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The Bindery Worker's Lament

[fa icon="calendar"] Fri, Aug 02, 2013 / by Andre Palko

man stressedI periodically get letters from bindery equipment operators and others in the printing industry who feel stuck in their jobs, or are underemployed, unemployed or are at a loss as to how to advance their career. They want advice. Considering the very personal nature of their situations I realize that reaching out like this is a big, vulnerable step. I know because I’ve been in the same situation.

What can they do? There is no simple answer. No right or wrong. That's the beauty of being human. The solution will be uniquely yours, to suit who you are. It's also the troubling part. While we each have our own unique answer awaiting us, it's never revealed to us all at once. It comes by taking one step. Then another. Maybe nothing happens for months. Then you take another step.

I think about these folks often. When you read the news about our turbulent industry or about the economy in general, it’s easy to get lost in statistics. But there is a human face, a family, joy and sorrow behind every one of those numbers.

In my business experience I’ve learned that for every one person talking about a problem, there are probably several more that are thinking or feeling the same thing. They’re simply not as forthcoming in reaching out as some of their colleagues. So for those of you in the ‘quiet’ camp, and for what it’s worth, I’ll share some of my thoughts on the topic.

  • Accept the fact that the printing industry is changing. Denying it will only hurt you in the long run. As Herbert Agar said, “The truth that makes men free is for the most part the truth which men prefer not to hear.”
  • Be pro-active and take action. Tell yourself, "Today I am going to do one small thing to improve my situation." Then do it. It could be something as simple as writing down a list of skills you would like to learn. Then tomorrow take another small action. Don’t wait around until you have no choice but to react. Start today.
  • Be open-minded. Where there are problems there are always opportunities that can come in many forms. If we limit ourselves to what we think we want, we can miss a chance at something good. Years ago I was working part time and in search of a full time job. I began selling Technifold products to supplement my income. I was desperately looking for a job yet I found a business, but only because I didn’t close my mind to that possibility. I now see that frustrating part of my life as the best thing that could have happened.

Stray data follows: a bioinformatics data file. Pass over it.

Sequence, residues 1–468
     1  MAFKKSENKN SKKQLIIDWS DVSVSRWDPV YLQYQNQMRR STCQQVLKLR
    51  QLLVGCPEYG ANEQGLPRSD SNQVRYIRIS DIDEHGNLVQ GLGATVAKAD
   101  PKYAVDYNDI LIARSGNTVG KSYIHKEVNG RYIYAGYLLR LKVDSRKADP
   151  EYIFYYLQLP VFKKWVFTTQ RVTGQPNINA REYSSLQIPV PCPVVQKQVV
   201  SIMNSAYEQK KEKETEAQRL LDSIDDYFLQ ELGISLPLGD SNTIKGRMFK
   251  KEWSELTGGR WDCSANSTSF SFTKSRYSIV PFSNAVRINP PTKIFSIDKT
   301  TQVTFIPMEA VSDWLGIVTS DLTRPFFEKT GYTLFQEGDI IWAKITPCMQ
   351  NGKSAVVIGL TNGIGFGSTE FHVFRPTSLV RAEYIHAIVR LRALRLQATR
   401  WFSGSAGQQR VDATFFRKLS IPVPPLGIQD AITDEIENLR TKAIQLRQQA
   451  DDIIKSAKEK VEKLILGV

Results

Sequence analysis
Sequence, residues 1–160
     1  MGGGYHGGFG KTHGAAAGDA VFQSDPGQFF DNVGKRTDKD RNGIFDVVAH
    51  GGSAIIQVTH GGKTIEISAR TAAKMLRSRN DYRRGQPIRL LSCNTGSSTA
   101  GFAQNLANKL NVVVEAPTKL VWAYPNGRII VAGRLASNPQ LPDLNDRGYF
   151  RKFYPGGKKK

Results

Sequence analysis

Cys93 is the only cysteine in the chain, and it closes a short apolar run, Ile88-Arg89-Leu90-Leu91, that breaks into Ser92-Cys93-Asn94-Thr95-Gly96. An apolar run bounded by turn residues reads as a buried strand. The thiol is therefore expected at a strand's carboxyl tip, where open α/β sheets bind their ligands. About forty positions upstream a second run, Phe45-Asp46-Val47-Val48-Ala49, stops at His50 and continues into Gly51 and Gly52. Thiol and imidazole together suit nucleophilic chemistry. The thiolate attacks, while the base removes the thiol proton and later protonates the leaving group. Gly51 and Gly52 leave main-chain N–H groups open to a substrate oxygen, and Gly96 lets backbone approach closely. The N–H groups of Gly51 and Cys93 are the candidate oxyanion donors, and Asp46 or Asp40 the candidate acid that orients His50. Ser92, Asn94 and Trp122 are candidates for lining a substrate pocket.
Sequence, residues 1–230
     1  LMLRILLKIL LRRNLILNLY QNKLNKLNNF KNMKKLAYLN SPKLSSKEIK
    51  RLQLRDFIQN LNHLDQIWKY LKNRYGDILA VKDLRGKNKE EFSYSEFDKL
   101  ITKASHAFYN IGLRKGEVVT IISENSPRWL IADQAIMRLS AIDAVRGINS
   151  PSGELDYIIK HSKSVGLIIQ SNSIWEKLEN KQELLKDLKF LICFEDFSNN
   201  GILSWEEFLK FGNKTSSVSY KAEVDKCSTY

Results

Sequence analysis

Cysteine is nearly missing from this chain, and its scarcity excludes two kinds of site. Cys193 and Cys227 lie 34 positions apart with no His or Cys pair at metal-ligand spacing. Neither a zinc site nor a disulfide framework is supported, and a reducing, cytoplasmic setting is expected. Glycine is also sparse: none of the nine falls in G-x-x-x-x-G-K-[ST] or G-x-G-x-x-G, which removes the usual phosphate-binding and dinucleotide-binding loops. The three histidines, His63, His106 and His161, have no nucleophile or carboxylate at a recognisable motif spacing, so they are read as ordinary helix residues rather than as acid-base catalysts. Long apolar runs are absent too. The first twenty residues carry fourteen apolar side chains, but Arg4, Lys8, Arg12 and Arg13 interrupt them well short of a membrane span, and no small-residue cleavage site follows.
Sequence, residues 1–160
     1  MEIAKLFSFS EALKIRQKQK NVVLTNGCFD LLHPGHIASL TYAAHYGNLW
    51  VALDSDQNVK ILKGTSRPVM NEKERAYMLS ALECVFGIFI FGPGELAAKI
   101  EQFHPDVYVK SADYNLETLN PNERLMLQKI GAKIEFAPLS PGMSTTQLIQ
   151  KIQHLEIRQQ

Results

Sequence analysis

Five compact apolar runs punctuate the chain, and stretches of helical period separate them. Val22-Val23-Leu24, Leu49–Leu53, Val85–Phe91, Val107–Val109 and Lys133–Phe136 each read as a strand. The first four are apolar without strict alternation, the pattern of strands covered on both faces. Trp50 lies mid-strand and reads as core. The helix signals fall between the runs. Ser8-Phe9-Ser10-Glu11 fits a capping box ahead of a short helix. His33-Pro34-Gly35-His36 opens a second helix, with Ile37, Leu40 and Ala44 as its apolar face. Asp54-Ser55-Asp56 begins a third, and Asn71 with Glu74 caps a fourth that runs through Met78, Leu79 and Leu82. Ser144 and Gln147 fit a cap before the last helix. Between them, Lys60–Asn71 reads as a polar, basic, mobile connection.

• Add skills by taking classes or working a part time job, or both. If you don’t know what skills to work on, look around your company. Is there something lacking that you could provide if you had the skill? Think about re-inventing yourself completely. Local community colleges are an incredible resource for students of all ages.
  • Place a free Situation Wanted ad in our printed Bindery Success newsletter. You can post the ad anonymously if you prefer and we’ll forward replies to you. Use the Contact Us form to send us the text of your ad. (About 50 words or less.) Employers, you too are welcome to post your Help Wanted ads for free.
  • Consider re-locating. The best opportunities may not be in your back yard.
  • Don't turn down a reasonable job because you are tempted to sit at home and draw a similar level of benefits. Opportunities are out in the workplace and you might have to suffer a temporary pay cut to take advantage of it. You will never find an opportunity by staying home and drawing short-term benefits.
  • If you are a person with a religious faith, don’t forget to turn to it. Being unemployed or underemployed is too stressful to go it alone. As Mother Teresa said, “I know God will not give me anything I can't handle.  I just wish that He didn't trust me so much.“

So keep going and don’t give up. No matter what our difficulties, there is always something to be grateful for each day. We don’t want to waste the good by worrying about the bad. The problems will pass.

As always, we welcome your comments and experiences below.

Topics: Staff Training, Bindery Business Tips

Andre Palko

Written by Andre Palko

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